Time Series

The documentation of long-term trends is designed to meet the needs for comparative analysis within the LTER system, to provide a contextual basis for process-oriented studies and provide parameter values for analytic models. Depending on the taxon or process under investigation, the scale and scope of our long-term time series program encompasses a variable number of sites, zones, depths, or frequencies of sampling.

The MCR Time Series program provides critical information on three key aspects of the ecosystem: community dynamics of major functional groups, rates of important ecosystem processes, and patterns of physical environmental processes.

Long-term trends of major functional groups

The abundance of corals, macro-invertebrates, algae and fishes are estimated yearly on the fore-reef, back-reef, and fringing reef at 6 sites, two on each side of Moorea. Estimates are made visually along band transects or from permanent quadrats that are either surveyed in situ (e.g., urchins, algae, fishes) or using photographs (e.g., corals). Supplementary sampling of corals and fishes occurs ever 2-3 years at additional sites to determine the degree to which core sampling is representative of broad island patterns.

Rates of important ecosystem processes

Rates of reef metabolism (primary production and respiration) are estimated twice annually along with photosynthetically active radiation (PAR) using a Lagrangian approach at two locations on the north shore of the island (sites 1 and 2) and every 3 years on the other shores (sites 3-6). Water column primary productivity is also estimated in vertical profiles using standard 14C tracer/bottle techniques in three habitats (fringing reef, back reef, and fore reef) on the north shore. Concentrations of nutrients are measured concurrently with water column primary productivity, bacterioplankton biomass, dissolved and particulate organic carbon (DOC and POC) concentrations, phaeo-pigments, Chl a and turbidity. Nutrient concentrations are also measured bi-weekly in the three habitats on the north shore. Since concentrations of nutrients in Moorea are typically low and near-detection limits, we estimate CHN in two macroalgae (Sargassum pacificum and Turbinaria ornata) as an integrated estimate of nutrient flux over longer periods.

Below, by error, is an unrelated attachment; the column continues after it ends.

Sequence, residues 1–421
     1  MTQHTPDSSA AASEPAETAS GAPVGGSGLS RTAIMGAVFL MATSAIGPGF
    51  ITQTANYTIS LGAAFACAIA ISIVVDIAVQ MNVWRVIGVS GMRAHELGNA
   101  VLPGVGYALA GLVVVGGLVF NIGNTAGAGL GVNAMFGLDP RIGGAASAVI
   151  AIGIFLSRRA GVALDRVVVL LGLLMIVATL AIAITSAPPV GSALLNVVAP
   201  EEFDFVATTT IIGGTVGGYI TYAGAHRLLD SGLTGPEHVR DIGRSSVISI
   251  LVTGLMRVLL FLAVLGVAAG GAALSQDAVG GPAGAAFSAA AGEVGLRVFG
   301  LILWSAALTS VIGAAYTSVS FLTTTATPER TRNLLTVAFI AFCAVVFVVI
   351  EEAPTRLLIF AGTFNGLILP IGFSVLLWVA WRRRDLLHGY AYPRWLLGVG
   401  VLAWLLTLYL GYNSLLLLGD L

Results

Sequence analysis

Patterns of key physical factors

There are approximately 105 sensors located on the reefs around Moorea that measure abiotic conditions (water temperature, salinity, current speed/direction, offshore wave statistics [height, direction, period], and water levels). Time series data on regional scale properties such as currents, water mass variability and mesoscale eddies come from satellite remote sensing of sea surface topography (TOPEX Poseidon, ERS) and temperature (AVHRR, MODIS, VIIRS). Data from these in situ measurements and satellite data will be critical in assessing the future rates of local climate change and relationships to global climate patterns. Additionally, data relating to ocean acidification are collected via seawater samples and deployed SeaFET and SAMI pH sensors. Seawater samples are collected from a location 5 km offshore (to establish ambient background values of dissolved inorganic carbon [DIC] and pH).